In the brain the medulla oblongata contains a respiratory center. This controls breathing. The respiratory center consists of an inspiratory center and an expiratory center. The axons from the nerve cells of these centres lead to the intercostals muscle through the intercostals nerves and the diaphragm via the phrenic nerves. These nerve fibres transmit impulses to the external intercostal muscles and internal intercostal muscles alternately. The walls of the alveoli have sense endings which are stimulated by changes in the tension of alveolar walls.
When the alveoli are stretched at the height of inspiration the receptors send stimuli to the expiratory center of the medulla through the vagus nerve which inhibits further inspiration. This sequence of events is called Herring - Breuer reflex.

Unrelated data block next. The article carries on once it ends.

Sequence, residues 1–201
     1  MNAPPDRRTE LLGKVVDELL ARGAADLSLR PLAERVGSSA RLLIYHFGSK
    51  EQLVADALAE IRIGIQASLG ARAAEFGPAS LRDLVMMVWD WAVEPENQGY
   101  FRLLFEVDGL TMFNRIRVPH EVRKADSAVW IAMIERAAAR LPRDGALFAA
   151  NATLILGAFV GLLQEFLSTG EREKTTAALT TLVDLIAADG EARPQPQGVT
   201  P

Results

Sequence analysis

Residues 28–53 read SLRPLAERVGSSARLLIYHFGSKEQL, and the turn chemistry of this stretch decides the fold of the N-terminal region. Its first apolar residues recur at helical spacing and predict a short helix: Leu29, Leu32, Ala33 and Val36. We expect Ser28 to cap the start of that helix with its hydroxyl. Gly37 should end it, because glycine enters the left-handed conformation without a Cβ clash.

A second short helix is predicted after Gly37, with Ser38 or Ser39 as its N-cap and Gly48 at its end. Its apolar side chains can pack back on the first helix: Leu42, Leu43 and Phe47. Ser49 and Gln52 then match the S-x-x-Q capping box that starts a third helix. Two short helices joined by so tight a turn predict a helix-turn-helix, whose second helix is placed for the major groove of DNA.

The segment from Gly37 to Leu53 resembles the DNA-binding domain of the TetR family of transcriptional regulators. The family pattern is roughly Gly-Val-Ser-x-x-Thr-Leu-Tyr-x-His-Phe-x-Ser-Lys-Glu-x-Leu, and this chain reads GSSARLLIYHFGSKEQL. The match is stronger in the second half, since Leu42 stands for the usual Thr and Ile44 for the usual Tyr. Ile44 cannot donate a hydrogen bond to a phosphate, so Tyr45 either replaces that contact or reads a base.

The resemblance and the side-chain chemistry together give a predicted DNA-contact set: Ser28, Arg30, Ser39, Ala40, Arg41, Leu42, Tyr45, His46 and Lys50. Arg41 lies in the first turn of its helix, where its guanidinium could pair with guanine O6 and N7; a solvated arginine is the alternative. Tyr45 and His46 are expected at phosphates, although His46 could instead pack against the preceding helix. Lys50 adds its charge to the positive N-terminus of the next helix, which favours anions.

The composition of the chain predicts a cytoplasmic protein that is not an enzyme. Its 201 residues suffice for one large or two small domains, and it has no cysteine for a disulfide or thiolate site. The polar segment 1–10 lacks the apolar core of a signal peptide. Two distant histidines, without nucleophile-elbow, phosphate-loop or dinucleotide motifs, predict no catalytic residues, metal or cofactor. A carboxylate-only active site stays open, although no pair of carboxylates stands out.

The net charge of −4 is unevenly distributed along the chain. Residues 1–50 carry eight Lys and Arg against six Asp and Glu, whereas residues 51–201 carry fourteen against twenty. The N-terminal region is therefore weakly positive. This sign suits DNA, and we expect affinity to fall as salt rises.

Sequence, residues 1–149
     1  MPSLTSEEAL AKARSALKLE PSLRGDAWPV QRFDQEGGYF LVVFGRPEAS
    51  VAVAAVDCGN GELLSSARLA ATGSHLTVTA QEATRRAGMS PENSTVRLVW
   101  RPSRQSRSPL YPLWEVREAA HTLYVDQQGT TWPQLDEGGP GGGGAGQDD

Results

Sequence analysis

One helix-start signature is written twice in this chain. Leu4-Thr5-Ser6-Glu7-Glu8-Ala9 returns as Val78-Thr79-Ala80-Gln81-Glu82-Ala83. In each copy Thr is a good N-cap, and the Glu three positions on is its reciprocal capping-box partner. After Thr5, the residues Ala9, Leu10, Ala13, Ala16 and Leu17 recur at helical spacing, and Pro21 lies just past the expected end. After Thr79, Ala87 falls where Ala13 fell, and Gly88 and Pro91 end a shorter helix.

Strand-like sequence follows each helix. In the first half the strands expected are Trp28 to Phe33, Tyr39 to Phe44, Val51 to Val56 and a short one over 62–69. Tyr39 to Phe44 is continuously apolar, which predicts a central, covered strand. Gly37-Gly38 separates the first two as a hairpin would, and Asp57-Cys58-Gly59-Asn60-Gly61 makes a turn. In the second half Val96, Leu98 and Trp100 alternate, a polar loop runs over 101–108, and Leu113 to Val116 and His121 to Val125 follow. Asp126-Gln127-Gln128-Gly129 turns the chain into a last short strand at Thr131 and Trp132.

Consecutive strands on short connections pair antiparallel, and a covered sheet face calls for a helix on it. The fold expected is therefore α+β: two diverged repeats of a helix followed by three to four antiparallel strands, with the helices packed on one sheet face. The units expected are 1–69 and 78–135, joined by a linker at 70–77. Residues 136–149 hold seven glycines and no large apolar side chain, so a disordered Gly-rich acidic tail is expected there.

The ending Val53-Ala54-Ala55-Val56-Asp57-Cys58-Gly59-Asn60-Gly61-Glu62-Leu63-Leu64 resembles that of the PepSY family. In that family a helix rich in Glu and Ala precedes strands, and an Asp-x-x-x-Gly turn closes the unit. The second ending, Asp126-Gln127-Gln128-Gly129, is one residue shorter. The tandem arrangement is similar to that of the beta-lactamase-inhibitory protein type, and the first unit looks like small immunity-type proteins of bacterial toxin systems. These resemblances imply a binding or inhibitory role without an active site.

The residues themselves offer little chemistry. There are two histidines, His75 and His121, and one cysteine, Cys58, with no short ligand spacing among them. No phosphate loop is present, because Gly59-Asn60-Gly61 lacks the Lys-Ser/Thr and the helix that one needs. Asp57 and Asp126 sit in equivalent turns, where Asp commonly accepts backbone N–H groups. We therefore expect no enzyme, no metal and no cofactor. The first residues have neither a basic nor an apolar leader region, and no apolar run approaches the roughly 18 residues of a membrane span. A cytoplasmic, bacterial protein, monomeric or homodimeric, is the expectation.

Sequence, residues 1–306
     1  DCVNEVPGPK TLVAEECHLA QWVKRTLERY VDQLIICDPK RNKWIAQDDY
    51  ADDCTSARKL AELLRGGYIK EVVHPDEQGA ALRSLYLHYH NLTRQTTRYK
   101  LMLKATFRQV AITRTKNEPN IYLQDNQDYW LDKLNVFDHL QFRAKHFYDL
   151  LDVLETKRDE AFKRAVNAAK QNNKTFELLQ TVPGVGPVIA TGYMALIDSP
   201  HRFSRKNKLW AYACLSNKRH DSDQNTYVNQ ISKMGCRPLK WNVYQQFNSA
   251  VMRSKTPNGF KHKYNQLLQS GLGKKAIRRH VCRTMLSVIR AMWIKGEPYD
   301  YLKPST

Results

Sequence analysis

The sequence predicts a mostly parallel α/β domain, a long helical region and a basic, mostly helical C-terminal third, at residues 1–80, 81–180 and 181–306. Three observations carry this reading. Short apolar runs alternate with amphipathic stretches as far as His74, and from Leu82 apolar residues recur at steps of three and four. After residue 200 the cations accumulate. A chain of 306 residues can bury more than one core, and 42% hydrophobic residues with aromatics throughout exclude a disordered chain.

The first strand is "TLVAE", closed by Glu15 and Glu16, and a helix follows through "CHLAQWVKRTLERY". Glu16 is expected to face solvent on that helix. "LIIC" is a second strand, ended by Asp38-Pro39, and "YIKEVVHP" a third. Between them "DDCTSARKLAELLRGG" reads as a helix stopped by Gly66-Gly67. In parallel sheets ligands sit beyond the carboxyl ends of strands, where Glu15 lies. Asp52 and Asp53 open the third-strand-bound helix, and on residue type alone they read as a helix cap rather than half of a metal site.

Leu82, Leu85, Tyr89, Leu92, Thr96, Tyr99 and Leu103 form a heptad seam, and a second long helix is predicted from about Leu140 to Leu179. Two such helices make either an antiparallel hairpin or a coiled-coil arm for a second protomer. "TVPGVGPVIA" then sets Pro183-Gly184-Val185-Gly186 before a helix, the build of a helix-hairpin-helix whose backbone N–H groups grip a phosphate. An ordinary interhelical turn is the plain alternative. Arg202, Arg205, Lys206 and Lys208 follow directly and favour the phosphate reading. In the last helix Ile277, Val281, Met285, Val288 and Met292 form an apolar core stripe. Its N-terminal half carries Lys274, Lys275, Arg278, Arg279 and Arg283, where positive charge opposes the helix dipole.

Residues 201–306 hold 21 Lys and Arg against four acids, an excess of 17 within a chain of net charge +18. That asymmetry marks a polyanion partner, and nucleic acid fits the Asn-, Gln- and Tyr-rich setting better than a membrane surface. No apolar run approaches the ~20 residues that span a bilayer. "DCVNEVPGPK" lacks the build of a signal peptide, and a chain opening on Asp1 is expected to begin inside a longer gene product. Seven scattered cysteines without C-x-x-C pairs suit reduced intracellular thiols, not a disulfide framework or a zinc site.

In addition the medulla contains a pneumotaxic center which is connected to the breathing centre and helps to ensure rhythmic breathing. During inspiration, the inspiratory part of the respiratory center sends impulses to the pneumotaxic center which responds by sending impulses to the expiratory part of the respiratory center. The expiratory center is then activated and so the inspiratory center is inhibited reflexly, respiratory rhythm is controlled in this manner by these centers in the brain.
Inflammation of the lungs due to infection is called pneumonia. Pneumonia is caused by viruses or bacteria.Viral pneumonia is due to adenovirus, respiratory syncytial virus or a coxsackie virus. The most common bacterial pneumonia is Pneumococcal pneumonia. Pneumonia may also be caused by a mycoplasma (an organism that is intermediate between a bacterium and a virus)